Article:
Patients with thrombocytopenia who are admitted to the intensive care unit (ICU) with sepsis are at an increased risk of mortality, compared with patients admitted to the ICU with normal platelet levels, according to the results of a study recently published in Blood. This study builds on findings from pre-clinical animal trials that have suggested platelets influence the host response during sepsis.
Theodora A.M. Claushuis, MD, from the Center for Experimental and Molecular Medicine at the University of Amsterdam in the Netherlands, and colleagues conducted the prospective, observational study to clarify the relationship between thrombocytopenia at ICU admission and biologic and other clinical variables, outcome, and host response in patients with sepsis, as part of the MARS (Molecular Diagnosis and Risk Stratification of Sepsis) project.
“Our results provide insight into how platelets influence the immune response during sepsis in humans,” said Dr. Claushuis told ASH Clinical News.
The researchers evaluated this association by measuring 17 plasma biomarkers related to activation and dysregulation of pathways implicated in sepsis pathogenesis and by conducting whole-genome blood leukocyte expression profiling. The study included 931 adult patients who were consecutively admitted to two teaching hospitals in the Netherlands between January 2011 and July 2013. Patients were included in the study if they had an expected length of stay longer than 24 hours.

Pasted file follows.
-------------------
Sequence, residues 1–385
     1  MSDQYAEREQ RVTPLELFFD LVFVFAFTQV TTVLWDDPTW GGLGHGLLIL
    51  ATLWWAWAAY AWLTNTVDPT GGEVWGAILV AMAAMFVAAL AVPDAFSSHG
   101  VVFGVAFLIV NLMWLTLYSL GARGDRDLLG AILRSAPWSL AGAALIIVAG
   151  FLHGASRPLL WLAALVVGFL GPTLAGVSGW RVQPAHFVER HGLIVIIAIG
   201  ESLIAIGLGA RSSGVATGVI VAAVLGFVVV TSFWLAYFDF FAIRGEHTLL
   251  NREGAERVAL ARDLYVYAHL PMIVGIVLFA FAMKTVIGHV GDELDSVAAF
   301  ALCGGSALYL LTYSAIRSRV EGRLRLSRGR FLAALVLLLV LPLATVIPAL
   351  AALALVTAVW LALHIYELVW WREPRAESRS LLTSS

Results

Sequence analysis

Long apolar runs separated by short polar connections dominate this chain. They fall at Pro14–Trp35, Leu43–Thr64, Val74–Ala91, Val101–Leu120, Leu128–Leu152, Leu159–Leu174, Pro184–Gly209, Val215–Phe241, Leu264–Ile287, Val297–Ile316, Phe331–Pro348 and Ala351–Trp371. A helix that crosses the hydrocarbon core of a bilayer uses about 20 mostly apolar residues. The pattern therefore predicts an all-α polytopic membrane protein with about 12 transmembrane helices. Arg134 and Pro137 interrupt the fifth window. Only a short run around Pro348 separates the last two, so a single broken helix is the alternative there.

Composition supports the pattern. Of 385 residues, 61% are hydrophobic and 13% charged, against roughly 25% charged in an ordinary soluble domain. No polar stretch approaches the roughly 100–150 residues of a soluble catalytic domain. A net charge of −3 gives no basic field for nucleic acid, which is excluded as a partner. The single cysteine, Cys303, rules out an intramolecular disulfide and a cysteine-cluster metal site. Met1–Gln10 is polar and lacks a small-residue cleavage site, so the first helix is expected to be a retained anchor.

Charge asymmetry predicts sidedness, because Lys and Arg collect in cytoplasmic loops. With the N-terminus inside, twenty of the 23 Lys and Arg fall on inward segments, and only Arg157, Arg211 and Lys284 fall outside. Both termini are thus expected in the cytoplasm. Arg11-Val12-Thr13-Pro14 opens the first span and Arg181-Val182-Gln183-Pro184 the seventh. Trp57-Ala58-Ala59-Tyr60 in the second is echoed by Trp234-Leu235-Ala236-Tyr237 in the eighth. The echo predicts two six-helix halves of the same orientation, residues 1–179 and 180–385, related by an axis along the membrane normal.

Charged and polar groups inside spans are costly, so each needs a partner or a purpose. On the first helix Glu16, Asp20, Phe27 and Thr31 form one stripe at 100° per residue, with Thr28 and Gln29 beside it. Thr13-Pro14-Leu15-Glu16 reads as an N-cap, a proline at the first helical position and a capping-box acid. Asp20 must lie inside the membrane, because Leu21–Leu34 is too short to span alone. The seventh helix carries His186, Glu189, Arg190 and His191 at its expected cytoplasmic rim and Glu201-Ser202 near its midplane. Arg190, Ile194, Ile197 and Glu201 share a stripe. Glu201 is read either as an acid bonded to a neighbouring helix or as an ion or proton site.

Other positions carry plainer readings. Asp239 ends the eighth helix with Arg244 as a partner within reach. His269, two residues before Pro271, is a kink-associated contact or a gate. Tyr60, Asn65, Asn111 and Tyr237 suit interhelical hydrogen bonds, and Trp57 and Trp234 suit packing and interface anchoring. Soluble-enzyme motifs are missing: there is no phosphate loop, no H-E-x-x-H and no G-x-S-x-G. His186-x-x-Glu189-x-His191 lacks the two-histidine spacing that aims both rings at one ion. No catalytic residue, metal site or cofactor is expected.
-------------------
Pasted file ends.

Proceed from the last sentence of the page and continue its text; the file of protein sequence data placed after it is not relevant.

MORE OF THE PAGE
Patients were excluded from the study if they met any of the following criteria:
- They had been transferred from other ICUs (except when transferred on the day of ICU admission).
- They had been readmitted to the ICU at the same hospital or within 30 days after the first hospital admission.
- They had a hematologic malignancy, liver cirrhosis, splenectomy, thrombocytosis (≥400×109/L), or unknown platelet counts in the first 24 hours after ICU admission.
Patients were classified according to their risk of infection on a four-point plausibility scale (none, possible, probable, or definite), with sepsis defined as the presence of infection within 24 hours of ICU admission and at least one other parameter described in the 2001 International Sepsis Definitions Conference.
Using the lowest platelet count within the first 24 hours of ICU admission, patients were also stratified into groups according to:
- Very-low platelet counts: <50 x 109/L (n=61; 6.6%)
- Intermediate-low platelet counts: 50-99 x 109/L (n=121; 13%)
- Low platelet counts: 100-149 x 109/L (n=167; 17.9%)
- Normal platelet counts: 150-399 x 109/L (n=580; 62.3%)
To account for baseline differences other than platelet counts (demographics, chronic comorbidity, concomitant drugs, medical admission type, and primary source of infection) the authors used propensity score matching. Results were also compared to normal values generated from plasma from 27 age- and gender-matched healthy volunteers.